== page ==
Will neurosurgeons take over spine?


It has become more common over the past few decades for orthopedic surgeons to subspecialize in spine surgery, and now at least one neurosurgery program is gaining momentum in the space.

There are 4,956 neurosurgeons in the U.S., according to the CMS Physician Care National Downloadable File data cited in a January 2021 World Neurosurgery article. Some of those neurosurgeons are focused on brain and nerve conditions, while others have begun narrowing their practice to spinal disorders.

"The field of spine surgery will be completely taken over by neurosurgery [in the next decade]," Sergio Mendoza-Lattes, MD, of Durham, N.C.-based Duke Spine Center, told Becker's. "We are training an increasing number of neurosurgery residents to perform procedures that in the past were — and currently, in most of the world, still are — in the hands of orthopedic surgeons. This includes adult and even pediatric deformity surgery, trauma surgery and surgery for degenerative disorders."

Orthopedic spine surgeons typically spend five to six years in residency without a fellowship requirement, although many do pursue fellowships. On the other hand, neurospine surgeons typically have six to seven years in residency and one to two specialized fellowships. In residency, neurosurgeons spend around 60 percent to 70 percent of their time devoted to spine surgery, according to a 2021 report from Atlantic Brain & Spine.

Over a 10-year period, the average number of spine surgeries performed among neurosurgery residents was 433.8, compared with 119.5 for orthopedic surgeons, according to data from the Accreditation Council of Graduate Medical Education for graduates from 2009 to 2018, as published in a September 2019 article in Neurosurgery. During that period, neurosurgery residents had a 26.5 percent increase in spine procedures whereas orthopedic surgery residents reported a 41.3 percent decrease in spine procedure volume.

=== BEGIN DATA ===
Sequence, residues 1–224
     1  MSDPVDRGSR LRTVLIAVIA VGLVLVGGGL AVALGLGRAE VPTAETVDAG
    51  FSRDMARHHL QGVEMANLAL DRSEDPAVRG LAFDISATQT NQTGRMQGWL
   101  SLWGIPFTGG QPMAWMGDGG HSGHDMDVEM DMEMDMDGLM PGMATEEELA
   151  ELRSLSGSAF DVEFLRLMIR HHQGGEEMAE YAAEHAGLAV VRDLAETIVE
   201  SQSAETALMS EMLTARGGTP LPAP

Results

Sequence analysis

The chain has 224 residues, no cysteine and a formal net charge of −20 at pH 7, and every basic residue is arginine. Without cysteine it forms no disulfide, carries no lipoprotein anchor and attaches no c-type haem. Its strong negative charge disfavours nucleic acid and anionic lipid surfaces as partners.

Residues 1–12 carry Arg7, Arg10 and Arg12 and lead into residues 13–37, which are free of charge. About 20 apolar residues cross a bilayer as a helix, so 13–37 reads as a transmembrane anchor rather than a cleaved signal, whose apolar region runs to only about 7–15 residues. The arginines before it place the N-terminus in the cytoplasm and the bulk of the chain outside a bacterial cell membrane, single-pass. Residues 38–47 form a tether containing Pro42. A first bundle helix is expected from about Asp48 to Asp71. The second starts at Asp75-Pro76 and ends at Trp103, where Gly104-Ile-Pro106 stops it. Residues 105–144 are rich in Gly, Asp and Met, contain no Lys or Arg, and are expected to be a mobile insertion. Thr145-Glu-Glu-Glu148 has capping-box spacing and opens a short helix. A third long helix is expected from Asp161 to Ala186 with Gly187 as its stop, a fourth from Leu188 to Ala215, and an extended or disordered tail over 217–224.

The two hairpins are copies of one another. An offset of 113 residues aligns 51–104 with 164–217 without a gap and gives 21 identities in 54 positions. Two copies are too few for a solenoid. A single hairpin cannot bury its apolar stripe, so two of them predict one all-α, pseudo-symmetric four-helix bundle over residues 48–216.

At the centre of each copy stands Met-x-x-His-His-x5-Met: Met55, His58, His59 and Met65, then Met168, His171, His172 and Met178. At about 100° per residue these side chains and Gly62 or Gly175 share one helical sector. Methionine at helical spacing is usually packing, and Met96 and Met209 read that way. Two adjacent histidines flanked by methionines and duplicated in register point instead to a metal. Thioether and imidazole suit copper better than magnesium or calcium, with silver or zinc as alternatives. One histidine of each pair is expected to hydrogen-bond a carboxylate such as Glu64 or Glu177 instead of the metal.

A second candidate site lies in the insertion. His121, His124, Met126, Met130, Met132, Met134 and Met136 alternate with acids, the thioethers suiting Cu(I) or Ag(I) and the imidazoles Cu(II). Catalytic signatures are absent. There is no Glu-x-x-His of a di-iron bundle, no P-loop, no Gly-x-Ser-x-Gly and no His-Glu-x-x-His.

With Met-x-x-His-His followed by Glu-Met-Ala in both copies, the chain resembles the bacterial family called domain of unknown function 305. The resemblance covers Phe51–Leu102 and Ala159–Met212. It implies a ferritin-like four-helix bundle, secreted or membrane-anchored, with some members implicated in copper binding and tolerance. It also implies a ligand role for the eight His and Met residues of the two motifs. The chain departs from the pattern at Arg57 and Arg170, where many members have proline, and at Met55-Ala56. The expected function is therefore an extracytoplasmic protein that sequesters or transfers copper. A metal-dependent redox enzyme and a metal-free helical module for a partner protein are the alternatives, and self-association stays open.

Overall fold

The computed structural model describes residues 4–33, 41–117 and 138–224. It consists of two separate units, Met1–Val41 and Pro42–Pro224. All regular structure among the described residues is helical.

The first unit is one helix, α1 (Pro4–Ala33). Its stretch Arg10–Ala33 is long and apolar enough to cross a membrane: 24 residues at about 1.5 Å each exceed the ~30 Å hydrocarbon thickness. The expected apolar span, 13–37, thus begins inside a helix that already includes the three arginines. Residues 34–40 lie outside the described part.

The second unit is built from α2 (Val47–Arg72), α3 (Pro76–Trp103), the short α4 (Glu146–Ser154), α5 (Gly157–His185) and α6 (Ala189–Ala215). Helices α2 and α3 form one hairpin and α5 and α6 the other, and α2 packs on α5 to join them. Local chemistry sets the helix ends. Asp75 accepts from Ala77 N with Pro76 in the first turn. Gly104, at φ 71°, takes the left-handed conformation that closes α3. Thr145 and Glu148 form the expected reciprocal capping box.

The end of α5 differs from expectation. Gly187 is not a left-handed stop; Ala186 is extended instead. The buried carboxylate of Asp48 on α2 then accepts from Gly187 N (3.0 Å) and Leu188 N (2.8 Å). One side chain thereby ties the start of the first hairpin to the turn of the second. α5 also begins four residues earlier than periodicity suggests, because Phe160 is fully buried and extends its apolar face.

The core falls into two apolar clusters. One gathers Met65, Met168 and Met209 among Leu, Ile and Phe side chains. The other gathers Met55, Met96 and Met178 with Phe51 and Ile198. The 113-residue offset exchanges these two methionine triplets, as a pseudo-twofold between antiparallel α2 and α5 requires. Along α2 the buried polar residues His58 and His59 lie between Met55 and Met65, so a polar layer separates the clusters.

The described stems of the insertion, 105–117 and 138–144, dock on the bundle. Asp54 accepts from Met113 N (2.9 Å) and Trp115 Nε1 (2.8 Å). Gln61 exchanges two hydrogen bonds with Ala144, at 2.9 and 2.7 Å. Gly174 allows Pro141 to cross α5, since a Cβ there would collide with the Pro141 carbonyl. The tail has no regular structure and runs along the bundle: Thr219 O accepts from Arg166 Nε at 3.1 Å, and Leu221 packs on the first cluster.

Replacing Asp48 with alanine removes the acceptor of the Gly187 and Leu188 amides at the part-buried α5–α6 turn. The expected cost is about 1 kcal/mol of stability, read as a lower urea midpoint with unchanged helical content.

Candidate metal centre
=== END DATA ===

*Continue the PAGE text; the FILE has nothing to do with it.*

Neurosurgical residents on average performed 3.6 times more spine procedures during residency than orthopedic surgery residents, and 33.5 percent of all surgical cases performed during neurosurgery residency were spine procedures.

Despite training differences, a 2015 article published in Spine found there weren't statistically significant differences in outcomes for spinal fusion among orthopedic surgeons and neurosurgeons, although neurosurgeons did report fewer operations requiring blood transfusions.

Dr. Mendoza-Lattes sees the benefit of both training backgrounds.

"I personally think that the ideal pathway should be a combined training program that provides a more holistic approach, including the understanding of hip disease, shoulder disease, peripheral nerves and many overlapping disease processes that are in the differentials of many patients seen daily in the spine clinic," he said.

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